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Hello! I'm in my second year of High School marching band; last year I marched tenor (which wasn't that hard) and this year I've made the decision to march Bari. I am a 5'2", 125 lb. female and I'm playing a 'OLDS' bari sax. I've only really marched it once, and that was for the Memorial Day Parade. I had a lot of trouble marching it, I was using a regular neck strap and I was holding it where the end was at my right hip. I couldn't really keep holding it up, which really messed up my sound. It would bounce on my leg, causing some pads to go down. I now have a harness for it which I've also used once (but didn't march with it) and I feel like I will still have the same problem (having it bounce on my leg). Band camp begins next week and I would really like to be able to go through it, and the rest of the season, without having my sound messed up just because I'm not exactly "made" to march the bari. I have looked at other advice columns about it on the internet, and the "best" advice is to NOT march bari at all, which is not an option for me!!! :| I LOVE playing the bari and I would love to successfully be able to march it, too! So if you have any GOOD advice, please let me know!! :)
 

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I've marched bari and bass for years - but would never even try it with only a neckstrap. I've had a bunch of harnesses over the years and I've found they are not all created equal.
I don't know what you have but the Gemini is the one I bought years ago and stopped shopping. They even make one that fits a woman's physique (what a concept!).
Not the cheapest but you get what you pay for. The horn shouldn't have to be held up and it shouldn't be resting on your hip.
Take a look and I hope you find something that works for you!
http://www.saxharness.com/
 

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Indistinguishable Resident Buescher Bigot and Foru
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This will move all of the weight to your hips. It's expensive, and I've found it a bit uncomfortable when sitting and a bit fiddly to set up right, but you just can't beat this for when you have to move around with a bari in a funk band (or marching).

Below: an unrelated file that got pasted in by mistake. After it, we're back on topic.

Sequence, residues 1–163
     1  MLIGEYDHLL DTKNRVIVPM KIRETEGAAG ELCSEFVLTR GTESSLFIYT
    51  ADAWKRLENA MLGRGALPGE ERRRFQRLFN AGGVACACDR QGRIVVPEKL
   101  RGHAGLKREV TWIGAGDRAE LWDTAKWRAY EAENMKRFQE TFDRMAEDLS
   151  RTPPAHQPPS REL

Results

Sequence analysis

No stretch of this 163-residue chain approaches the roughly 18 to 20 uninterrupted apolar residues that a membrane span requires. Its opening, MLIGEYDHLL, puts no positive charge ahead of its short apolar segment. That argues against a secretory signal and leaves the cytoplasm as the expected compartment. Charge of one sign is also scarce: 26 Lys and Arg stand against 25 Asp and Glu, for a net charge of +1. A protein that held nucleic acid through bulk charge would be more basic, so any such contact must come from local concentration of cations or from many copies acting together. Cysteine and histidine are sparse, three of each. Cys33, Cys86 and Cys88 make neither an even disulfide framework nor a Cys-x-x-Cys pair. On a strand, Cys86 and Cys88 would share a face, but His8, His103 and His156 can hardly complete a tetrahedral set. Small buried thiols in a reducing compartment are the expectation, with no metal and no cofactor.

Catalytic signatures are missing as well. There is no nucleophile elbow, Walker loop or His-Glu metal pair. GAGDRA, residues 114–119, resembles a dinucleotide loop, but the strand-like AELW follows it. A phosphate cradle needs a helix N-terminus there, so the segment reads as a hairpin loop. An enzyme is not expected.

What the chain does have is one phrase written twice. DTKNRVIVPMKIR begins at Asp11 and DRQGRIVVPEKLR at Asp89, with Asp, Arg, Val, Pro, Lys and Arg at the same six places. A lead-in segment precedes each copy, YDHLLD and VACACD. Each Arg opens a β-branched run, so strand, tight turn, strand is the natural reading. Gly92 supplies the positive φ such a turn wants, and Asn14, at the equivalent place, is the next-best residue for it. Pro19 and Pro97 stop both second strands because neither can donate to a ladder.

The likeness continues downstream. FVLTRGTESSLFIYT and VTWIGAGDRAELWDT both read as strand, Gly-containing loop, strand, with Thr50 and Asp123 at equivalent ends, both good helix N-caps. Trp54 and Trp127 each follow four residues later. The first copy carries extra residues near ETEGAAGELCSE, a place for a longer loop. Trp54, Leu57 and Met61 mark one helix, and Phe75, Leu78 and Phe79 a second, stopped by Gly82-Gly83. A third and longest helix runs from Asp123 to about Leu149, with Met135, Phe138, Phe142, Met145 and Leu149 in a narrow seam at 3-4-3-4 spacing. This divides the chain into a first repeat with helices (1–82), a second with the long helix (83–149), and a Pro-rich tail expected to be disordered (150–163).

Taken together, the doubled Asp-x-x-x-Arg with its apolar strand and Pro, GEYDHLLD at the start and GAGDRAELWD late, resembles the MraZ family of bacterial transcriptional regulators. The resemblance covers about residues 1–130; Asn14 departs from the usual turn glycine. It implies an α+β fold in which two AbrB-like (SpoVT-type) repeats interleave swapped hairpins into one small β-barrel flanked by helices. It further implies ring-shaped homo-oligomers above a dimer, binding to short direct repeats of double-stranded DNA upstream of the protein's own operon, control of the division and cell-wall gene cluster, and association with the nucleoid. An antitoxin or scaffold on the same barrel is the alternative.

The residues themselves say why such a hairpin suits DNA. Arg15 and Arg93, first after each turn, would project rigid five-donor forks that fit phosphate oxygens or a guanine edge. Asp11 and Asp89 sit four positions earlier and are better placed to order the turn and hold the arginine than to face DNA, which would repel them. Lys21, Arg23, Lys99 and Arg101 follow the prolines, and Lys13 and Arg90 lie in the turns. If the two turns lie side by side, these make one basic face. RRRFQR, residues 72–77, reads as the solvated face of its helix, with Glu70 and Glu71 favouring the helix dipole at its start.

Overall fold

http://www.robertoswinds.com/view_product.php?prod_id=10310
 

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This will move all of the weight to your hips. It's expensive, and I've found it a bit uncomfortable when sitting and a bit fiddly to set up right, but you just can't beat this for when you have to move around with a bari in a funk band (or marching).

http://www.robertoswinds.com/view_product.php?prod_id=10310
Oh.. Hm.. This looks a lot like my new Vandoren harness, which I can say is the greatest harness I have ever used. As a bari primarily, I spend hours with it every day and man, a neckstrap was killing me. I had an old version of the Yamaha Aircell strap which didn't do too bad until it was held together by a safety pin and resewn all over. Lasted 2 years though, and that's the strap I marched with. Well when I finally retired that thing, I upgraded to what looks a whole lot like this harness, but Vandoren's is only $100 and comes with a very nice storage pouch to slide right into your bell. I don't know if this one is better, but I have almost zero complaints for the Vandoren, other than this; I reglued all the cushions with superglue because they kept falling off. Not too big of a deal though. For the price I'd expect a decent glue. But overall it's much more than I expected, I feel almost no weight, maybe a slight bit on my shoulders, but certainly an improvement to a neckstrap. AND its main strap slides right out of the neck of your uniform and the rest stays hidden. Your marching uniform isn't all bunched up like with those other harnesses.

Here's the Amazon link
Vandoren FNH100 Universal Harness System https://www.amazon.com/dp/B00BP6BGFG/ref=cm_sw_r_awd_oWIWvbYV21P4K
 

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Interesting option. Kinda spendy (both of them) but nice to know things are still evolving..
 

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I had a friend who marched bari in high school....without a neck strap. He was a tough guy and a badass. He is now in the Marine Corps and recently made staff seargant!
(Just an unrelated side story)